What is Swift?

Swift is a satellite designed to look at GRBs, and it has some innovative technology to help it do that.

A picture of Swift

The Burst Alert Telescope, or BAT, can see about 1/6 of the sky at any given time. It looks out for the flash of Gamma Rays which means a new GRB has gone off. As soon as it detects this BAT tells people on the ground (most of us get a text message on our phones) and tells the spacecraft. The spacecraft checks whether it's safe to point at the burst (it's not too close to the Sun or Moon, for example) and if so immediately, and auotmatically spins round to point at it. This usually takes about a minute; before Swift observations of a new GRB usually started hours after the burst!

An XRT onboard image of a GRB

Once Swift is pointing at the new burst, the X-ray telescope (XRT) and UV/optical telescope (UVOT) start taking data. In nearly every case the XRT finds the burst, and about half of them are detected by the UVOT as well. The first thing the XRT does is take a quick image and try to work out where the GRB is. This is really important because, although the BAT can see a lot of the sky it isn't brilliant at working out where things that it sees are. All instruments give us a circle and say "the object is in that circle somewhere." (see Positions in Space for more information). For BAT, that circle is 3 arc minutes in radius; about the size of a pinhead half a metre away. That sounds small, but there are a lot of stars and galaxies in a circle that size. If the XRT manages to find a source in that quick image (an example is on the right) it can improve the position to a circle more like 5" across (a pinhead 20 metres away). This allows ground-based observers with big telescopes to look in earnest for the GRB.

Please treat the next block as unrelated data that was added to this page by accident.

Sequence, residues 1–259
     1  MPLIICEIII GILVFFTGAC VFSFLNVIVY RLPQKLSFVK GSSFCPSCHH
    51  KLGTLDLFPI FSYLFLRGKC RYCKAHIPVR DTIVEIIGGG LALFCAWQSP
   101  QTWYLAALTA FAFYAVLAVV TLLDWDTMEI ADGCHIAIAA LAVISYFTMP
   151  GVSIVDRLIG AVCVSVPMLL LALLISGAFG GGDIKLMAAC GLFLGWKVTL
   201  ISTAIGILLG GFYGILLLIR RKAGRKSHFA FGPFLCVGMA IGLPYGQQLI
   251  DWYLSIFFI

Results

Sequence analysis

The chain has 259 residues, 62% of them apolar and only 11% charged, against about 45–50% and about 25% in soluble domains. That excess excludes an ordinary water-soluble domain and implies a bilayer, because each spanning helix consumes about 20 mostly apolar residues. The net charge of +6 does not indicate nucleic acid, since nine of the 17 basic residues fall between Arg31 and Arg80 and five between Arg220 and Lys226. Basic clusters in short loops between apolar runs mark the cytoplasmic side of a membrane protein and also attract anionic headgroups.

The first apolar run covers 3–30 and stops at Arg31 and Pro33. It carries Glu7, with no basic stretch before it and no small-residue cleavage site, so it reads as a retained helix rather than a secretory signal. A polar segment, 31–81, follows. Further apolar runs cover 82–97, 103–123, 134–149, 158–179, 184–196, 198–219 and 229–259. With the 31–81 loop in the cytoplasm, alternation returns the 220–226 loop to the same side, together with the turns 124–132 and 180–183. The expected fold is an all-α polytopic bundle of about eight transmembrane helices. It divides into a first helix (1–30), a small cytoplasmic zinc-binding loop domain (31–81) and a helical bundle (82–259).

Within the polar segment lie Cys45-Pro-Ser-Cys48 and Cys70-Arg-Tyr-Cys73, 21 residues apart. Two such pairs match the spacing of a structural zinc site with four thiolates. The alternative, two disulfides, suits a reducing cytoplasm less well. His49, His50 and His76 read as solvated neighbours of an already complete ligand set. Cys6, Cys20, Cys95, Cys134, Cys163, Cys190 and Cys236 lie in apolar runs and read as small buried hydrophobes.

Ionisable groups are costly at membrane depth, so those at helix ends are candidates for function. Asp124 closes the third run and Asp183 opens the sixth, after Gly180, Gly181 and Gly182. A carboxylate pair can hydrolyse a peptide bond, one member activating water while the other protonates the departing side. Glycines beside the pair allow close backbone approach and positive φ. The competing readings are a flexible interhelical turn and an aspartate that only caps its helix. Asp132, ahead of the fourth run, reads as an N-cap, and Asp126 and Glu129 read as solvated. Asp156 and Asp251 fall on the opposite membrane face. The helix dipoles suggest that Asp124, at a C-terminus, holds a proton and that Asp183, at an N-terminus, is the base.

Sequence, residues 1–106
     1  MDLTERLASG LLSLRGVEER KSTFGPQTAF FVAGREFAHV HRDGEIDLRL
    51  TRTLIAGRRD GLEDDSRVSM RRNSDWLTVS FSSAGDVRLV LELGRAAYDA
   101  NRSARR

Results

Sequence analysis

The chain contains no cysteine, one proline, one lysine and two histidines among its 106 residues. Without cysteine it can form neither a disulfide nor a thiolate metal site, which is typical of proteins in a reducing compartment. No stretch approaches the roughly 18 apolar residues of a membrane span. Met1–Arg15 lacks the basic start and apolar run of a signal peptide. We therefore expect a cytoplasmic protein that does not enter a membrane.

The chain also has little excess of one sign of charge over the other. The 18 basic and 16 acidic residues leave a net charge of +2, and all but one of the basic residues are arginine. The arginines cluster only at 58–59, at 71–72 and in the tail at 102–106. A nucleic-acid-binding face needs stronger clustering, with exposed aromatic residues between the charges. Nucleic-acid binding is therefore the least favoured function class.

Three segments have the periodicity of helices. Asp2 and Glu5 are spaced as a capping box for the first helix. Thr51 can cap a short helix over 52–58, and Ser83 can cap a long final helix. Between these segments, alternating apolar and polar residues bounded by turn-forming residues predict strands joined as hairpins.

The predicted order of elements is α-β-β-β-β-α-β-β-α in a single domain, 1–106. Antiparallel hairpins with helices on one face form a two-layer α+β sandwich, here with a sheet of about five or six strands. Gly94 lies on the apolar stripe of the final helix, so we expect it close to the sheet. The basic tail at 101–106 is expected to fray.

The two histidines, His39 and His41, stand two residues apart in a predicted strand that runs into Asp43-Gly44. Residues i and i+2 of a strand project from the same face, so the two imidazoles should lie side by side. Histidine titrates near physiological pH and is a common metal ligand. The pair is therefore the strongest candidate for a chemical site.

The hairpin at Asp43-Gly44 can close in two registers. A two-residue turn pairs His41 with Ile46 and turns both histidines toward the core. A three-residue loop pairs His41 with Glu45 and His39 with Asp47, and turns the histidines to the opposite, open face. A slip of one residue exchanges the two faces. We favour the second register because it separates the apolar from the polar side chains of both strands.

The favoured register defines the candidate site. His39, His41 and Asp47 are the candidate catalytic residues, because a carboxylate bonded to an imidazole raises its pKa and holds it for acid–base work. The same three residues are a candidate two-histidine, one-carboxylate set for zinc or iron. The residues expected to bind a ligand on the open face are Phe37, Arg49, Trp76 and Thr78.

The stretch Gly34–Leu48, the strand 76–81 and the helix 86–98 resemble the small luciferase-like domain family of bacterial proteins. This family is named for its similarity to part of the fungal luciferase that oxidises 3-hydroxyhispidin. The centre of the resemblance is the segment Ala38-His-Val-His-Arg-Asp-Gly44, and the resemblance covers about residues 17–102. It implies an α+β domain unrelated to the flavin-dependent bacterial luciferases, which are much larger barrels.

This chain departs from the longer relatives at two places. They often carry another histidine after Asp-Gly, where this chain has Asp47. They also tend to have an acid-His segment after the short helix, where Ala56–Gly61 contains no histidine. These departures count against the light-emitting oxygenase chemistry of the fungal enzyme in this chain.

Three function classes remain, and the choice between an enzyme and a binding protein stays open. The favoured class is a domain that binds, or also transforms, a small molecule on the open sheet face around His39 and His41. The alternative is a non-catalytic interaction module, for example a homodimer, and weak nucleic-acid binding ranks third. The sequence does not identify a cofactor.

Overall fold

After the initial image, both XRT and UVOT continually take data and send some of it to the ground immediately so that the Swift team (people like me!) can learn a few things about the burst (how bright is it, is it fading, determine an even more accurate position) and produce a circular -- an e-mail that gets sent to about 1000 interested scientists around the world. This circular needs to be sent within about 20 minutes of the BAT detecting the burst, no matter what time of day or night it happens. One of my jobs has been helping to automate as much of the writing of this circular as we can, so that even at 3:30 am when we've just been woken up, we can get accurate information out quickly.

What happens next?

Light curve of GRB060729

Once every orbit (96 minutes) Swift passes over the Malindi ground station in Kenya, and then it dumps all of the data it's taken, not just the limited versions which were available in real time. This is analysed by the Swift who make it available on line and send more circulars to tell the scientific community what's going on. Many other astronomers will be using ground-based telescopes to look for the burst, to learn about its spectrum (what colour it is, only is great detail), how far away it is, if we can locate it even more precisely, and so on. Every day the Swift team have a teleconference to plan what targets Swift will observe, and Swift will usually follow a GRB for as long as we can detect it. This can in some cases be many months! The image to the left shows a "light curve" -- a graph of how bright the source was as time went on -- for GRB 060729. This burst was detected by Swift's XRT for more than 100 days! Usually GRBs are detected for longer in X-rays than in the optical. One of my jobs has been to make sure that, as long as we look at a GRB, the XRT data are automatically analysed and posted online.

I've created a separate page giving a timeline of a typical GRB for people who are interested.

Further information: From swift.ac.uk | From NASA.